Too dammed expensive
Taxpayers are in no mood to pay for more water storage
There’s nothing like a wet winter and a deep snowpack to get some folks clamoring for more dams and storage facilities in California. All that water running into the Pacific Ocean is being wasted, they insist. What good is it if we can’t use it?
Well, ask the fish, especially those that live in or move through the Delta, like salmon. They’re enjoying the cold, clean water. For the past several years water flows have been low, slow and warm. This is a bracing change.
Watching all that water flow out to sea drives Tom McClintock crazy. He’s the Republican congressman who represents the 4th District, which includes Oroville, and he chairs the House Natural Resources Committee’s Subcommittee on Water and Power. Although he touts himself as a fiscal conservative, McClintock took the seat promising to build more dams, and that’s what he’s trying to do, beginning with the controversial Auburn Dam. Never mind that it would sit astride an earthquake fault and cost up to $10 billion.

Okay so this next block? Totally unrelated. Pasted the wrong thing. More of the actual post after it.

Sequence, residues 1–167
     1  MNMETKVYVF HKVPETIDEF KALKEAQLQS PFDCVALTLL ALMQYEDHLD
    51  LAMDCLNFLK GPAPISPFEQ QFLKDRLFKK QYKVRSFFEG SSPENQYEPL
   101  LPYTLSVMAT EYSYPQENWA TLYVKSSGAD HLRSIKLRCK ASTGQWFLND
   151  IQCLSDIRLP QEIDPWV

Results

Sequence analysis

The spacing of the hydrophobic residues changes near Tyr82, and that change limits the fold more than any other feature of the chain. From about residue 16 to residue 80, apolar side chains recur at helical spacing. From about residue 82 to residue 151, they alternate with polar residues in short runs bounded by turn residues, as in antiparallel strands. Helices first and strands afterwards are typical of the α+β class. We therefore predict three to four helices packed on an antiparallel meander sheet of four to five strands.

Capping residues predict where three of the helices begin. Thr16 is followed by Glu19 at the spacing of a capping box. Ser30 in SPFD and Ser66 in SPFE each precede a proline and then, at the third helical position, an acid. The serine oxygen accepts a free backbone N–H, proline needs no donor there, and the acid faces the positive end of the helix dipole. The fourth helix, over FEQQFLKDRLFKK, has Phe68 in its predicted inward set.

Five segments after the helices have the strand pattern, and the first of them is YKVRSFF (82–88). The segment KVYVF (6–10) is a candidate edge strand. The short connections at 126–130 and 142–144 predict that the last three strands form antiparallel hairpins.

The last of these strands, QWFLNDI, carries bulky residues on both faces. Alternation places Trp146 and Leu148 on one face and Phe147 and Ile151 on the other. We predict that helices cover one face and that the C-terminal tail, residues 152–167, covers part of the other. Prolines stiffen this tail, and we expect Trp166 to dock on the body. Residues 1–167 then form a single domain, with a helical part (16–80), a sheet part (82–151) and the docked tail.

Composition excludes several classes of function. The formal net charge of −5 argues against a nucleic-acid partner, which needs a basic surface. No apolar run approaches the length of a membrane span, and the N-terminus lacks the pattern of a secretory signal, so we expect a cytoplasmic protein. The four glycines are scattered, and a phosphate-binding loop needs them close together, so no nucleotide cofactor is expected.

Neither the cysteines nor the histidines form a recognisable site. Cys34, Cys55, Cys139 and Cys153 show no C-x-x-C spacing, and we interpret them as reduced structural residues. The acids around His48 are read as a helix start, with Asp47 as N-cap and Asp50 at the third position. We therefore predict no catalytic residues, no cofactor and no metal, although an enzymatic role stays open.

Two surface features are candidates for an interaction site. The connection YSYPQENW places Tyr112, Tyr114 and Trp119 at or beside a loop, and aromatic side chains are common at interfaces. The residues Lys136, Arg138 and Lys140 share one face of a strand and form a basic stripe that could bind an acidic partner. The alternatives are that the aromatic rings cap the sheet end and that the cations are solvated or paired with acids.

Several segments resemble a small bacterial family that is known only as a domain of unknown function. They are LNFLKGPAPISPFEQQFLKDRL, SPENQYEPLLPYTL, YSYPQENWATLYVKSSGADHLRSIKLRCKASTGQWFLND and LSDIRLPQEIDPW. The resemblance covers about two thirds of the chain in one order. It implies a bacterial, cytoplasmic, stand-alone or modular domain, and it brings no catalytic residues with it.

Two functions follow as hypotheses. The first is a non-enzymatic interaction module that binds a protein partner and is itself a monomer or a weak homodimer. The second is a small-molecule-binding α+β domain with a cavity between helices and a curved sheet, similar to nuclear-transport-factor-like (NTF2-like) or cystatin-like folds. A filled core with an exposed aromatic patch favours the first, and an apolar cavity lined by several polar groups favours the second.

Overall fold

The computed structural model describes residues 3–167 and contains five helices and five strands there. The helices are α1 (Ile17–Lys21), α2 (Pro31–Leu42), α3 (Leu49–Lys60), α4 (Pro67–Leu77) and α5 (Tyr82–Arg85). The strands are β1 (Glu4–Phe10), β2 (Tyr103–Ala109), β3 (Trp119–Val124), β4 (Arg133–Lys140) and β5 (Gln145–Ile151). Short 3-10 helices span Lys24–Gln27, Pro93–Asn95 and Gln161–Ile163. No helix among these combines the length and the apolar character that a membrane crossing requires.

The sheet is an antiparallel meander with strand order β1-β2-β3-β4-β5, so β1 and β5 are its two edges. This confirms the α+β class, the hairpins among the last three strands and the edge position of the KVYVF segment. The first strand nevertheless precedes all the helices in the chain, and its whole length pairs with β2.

That’s one of the problems with dams: They’re hugely expensive. It would cost as much as $1 billion to raise Shasta Dam just six feet—and that of course wouldn’t guarantee sufficient river flow to make the additional height useful. The proposed Sites Reservoir in western Colusa County, which would impound Sacramento River water, would cost more than $3 billion.
There’s no way to build these dams without massive taxpayer subsidies. In today’s tight times, that’s not going to happen.
There are alternatives. For example, we could increase the amount of groundwater recharge in areas where aquifers have been depleted. This is especially true in Southern California, where there are numerous recharge areas to which runoff water could be directed. And we could organize California’s water delivery system to be more efficient by conserving more and planting only annual crops in areas where water deliveries vary from year to year.
But dams? No way.